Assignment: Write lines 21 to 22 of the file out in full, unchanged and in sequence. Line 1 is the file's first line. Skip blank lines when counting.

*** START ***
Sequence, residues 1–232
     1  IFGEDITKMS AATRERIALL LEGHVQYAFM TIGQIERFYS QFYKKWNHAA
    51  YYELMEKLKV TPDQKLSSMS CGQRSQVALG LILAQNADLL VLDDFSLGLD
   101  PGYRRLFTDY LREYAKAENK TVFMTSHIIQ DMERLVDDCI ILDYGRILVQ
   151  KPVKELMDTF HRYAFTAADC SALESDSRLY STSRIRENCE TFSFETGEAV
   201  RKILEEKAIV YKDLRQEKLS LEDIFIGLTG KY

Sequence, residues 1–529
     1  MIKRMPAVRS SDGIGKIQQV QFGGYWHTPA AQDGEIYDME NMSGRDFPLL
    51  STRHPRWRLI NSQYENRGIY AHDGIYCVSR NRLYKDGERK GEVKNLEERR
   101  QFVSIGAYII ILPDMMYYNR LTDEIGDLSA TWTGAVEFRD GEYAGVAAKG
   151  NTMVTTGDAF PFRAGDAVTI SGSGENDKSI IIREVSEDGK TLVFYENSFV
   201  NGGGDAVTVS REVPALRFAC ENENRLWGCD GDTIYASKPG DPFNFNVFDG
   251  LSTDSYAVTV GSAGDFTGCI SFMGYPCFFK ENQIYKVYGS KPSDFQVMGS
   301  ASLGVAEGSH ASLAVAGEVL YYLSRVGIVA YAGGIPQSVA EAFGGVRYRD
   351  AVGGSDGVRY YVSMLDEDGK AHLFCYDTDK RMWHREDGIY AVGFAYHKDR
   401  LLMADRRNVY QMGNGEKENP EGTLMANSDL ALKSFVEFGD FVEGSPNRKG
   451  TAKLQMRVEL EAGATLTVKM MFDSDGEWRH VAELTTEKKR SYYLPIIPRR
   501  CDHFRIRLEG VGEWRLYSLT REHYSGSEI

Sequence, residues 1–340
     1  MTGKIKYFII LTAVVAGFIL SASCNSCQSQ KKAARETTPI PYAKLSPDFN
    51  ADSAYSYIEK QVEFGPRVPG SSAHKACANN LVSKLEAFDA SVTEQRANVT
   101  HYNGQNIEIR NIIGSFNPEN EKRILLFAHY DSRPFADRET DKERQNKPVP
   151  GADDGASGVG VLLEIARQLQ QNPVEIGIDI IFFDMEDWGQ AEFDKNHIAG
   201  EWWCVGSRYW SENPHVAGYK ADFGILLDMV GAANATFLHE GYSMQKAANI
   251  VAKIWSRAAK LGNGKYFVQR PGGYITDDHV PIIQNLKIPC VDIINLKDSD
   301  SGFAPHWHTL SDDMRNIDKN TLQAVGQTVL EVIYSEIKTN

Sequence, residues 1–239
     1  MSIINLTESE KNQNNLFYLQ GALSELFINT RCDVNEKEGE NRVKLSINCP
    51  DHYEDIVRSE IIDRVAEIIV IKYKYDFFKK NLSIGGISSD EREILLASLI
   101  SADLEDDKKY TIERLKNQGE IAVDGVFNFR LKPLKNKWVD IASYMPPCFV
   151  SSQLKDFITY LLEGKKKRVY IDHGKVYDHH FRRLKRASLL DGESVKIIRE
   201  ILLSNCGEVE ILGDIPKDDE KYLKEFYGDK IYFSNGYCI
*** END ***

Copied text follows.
    51  ADSAYSYIEK QVEFGPRVPG SSAHKACANN LVSKLEAFDA SVTEQRANVT
   101  HYNGQNIEIR NIIGSFNPEN EKRILLFAHY DSRPFADRET DKERQNKPVP